There is, however, another aspect to this situation when gender comes into play. There is obviously a reason the lead character of the film is a young woman, not a young man.
"It gets more aggressive for women because they are confined to the bottom of the societal thread. We should look more closely into the causes of mental health problems, and I am sure financial frustration will be among the top," Shah noted.
"My film’s mission is to bridge the mental health problems in the mountains and the awareness of those in more urban areas. I want the mental health problems in some places of Chitral, Ghizr, Hunza, and GB… to be acknowledged more because that is when people will start to help more. It’s crucial to understand that there’s a lack of real news as well; not every drowning is a suicide, so there needs to be a proper investigation of all these cases," she explained.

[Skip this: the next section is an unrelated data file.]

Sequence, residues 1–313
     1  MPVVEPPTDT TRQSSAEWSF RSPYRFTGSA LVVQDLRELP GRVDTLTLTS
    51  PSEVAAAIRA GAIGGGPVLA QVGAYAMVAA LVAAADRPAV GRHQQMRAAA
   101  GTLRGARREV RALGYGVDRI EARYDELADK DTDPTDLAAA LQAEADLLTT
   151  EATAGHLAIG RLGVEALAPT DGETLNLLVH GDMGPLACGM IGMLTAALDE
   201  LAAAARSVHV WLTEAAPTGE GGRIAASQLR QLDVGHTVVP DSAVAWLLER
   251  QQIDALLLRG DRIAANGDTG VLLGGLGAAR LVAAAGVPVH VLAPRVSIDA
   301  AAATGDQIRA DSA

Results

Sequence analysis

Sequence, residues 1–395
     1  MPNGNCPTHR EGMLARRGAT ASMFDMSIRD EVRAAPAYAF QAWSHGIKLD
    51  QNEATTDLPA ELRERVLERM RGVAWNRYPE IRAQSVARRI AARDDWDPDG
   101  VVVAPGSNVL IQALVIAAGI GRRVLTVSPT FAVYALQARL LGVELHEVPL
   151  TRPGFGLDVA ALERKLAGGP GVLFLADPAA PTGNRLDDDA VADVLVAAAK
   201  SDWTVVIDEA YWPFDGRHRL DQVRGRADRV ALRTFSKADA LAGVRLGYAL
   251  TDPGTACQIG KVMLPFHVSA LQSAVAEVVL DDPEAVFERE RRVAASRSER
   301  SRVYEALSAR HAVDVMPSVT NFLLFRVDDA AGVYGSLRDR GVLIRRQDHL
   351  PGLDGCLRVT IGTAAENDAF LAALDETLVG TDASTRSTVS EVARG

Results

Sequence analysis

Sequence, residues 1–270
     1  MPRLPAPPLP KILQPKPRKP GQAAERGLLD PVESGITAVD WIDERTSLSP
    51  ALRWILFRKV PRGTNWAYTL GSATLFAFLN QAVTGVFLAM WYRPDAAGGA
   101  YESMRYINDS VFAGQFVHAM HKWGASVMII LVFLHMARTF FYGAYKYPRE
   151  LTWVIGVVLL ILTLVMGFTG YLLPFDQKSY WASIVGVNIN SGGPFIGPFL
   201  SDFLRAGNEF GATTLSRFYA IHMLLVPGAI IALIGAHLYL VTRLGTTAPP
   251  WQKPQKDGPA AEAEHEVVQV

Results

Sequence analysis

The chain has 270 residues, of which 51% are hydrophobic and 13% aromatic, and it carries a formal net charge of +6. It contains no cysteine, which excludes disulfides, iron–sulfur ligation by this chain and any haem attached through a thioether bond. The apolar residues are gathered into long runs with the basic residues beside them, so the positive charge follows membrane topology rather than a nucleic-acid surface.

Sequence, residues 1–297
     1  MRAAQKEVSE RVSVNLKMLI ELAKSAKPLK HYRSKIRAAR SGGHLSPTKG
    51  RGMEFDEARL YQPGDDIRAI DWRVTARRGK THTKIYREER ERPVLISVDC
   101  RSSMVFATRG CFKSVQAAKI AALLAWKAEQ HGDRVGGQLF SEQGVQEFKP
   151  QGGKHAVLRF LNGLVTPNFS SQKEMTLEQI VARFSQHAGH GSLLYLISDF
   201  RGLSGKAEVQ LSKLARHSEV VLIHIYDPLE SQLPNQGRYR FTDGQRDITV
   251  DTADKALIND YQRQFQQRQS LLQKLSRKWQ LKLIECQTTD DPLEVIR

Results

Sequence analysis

"Just a couple of days ago, two girls committed suicide together in upper Chitral. There was no uproar in the media. Now, we hear stories that it could have been an honour killing. But we won’t know for sure, because frankly, not enough people care, and there’s not much investigation," she said.
As she answered our questions, she noted that she received news of yet another woman having committed suicide in Drosh Chitral. There is no other way to demonstrate just how pressing this matter is.
"The deteriorating mental health and suicides among the youth of Chitral have always concerned me, but it was not until depression took a life in my family that I felt the need to do something more than ever," Shah said on her inspiration to make the film.